, Volume 7, Issue 3, pp 237-242
Date: 20 Jan 2011

Inflammatory and prothrombotic parameters in normotensive non-diabetic obese women: effect of weight loss obtained by gastric banding

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Abstract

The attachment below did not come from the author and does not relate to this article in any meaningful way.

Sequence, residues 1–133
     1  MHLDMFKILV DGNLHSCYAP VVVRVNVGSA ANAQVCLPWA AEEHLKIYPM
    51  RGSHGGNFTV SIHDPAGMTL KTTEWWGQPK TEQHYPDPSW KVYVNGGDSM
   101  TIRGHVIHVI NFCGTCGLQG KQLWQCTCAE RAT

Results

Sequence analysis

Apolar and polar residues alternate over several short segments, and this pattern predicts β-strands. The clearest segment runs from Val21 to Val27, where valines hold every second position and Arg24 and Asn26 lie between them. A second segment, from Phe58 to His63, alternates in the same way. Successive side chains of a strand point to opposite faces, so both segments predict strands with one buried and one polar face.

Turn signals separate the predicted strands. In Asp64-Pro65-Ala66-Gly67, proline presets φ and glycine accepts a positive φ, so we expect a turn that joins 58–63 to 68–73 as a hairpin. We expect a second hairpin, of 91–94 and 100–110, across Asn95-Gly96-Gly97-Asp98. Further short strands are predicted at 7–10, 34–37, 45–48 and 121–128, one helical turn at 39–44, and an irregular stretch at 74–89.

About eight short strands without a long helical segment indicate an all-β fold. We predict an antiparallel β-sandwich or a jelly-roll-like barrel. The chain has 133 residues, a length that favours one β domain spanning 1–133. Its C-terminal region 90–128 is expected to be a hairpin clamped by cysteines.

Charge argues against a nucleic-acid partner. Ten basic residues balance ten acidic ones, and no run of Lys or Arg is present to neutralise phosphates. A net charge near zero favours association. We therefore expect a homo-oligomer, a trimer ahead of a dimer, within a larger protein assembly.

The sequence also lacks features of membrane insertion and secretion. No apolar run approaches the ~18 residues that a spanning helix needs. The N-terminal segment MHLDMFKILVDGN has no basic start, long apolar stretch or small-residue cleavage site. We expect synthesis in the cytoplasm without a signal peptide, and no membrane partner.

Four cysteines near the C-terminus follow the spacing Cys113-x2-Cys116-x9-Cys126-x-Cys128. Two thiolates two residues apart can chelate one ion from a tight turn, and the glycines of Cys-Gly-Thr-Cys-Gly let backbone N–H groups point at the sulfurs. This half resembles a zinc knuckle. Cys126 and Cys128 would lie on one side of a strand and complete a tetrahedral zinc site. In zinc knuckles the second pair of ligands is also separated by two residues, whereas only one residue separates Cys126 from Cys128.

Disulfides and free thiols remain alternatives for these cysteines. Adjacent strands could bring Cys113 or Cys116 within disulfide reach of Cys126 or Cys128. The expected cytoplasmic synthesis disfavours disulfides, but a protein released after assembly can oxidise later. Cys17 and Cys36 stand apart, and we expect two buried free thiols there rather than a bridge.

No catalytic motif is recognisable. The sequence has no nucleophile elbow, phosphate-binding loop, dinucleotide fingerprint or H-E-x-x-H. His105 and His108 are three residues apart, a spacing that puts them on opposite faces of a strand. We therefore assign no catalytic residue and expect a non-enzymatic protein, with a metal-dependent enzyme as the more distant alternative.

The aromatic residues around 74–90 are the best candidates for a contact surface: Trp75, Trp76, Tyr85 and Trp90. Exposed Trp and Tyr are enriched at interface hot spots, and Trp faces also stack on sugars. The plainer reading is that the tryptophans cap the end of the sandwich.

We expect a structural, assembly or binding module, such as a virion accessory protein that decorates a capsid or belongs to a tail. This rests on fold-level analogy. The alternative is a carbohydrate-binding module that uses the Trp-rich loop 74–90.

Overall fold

Hypertension and diabetes are known risk factors for obesity-related thrombosis, but several studies have shown that obesity is characterised by a potentially prothrombotic inflammatory state because of activated coagulation and impaired fibrinolysis. In order to verify if obese patients—unaffected by hypertension, diabetes, dyslipidemia, cigarette smoking or inflammatory diseases—show increased prothrombotic markers and whether the weight loss induced by gastric banding normalises such parameters. Plasma levels of C reactive protein (CRP), fibrinogen, plasminogen activator inhibitor-1 (PAI-1), von Willebrand factor (VWF) and factor VII (FVII) were measured in 25 women with isolated obesity prior to, as well as 3, 6 and 12 months subsequent to gastric banding. Twenty-five healthy women served as a baseline control group. The obese women had higher CRP (p = 0.0001), fibrinogen (p = 0.014), PAI-1 (p = 0.003), VWF (p = 0.004) and FVII levels (p = 0.0001) than the normal controls, and their body mass index (BMI) positively correlated with CRP (r = 0.462, p = 0.02), fibrinogen (r = 0.426, p = 0.04) and PAI-1 (r = 0.468, p = 0.02). Twelve months after gastric banding, the median BMI had decreased from 40.0 to 34.9 (p = 0.0001); CRP from 4.18 to 1.69 μg/ml (p = 0.01); fibrinogen from 389 to 318 mg/dl (p = 0.0001); PAI-1 from 32.1 to 12.0 UI/ml (p = 0.003); VWF from 144 to 120% (p = 0.0001); and FVII from 134 to 112% (p = 0.002). Even in the absence of major cardiovascular risk factors, obese patients are characterised by a prothrombotic state. The weight loss induced by gastric banding decreases the parameters of inflammation, coagulation and impaired fibrinolysis, thus potentially reducing the thrombotic risk.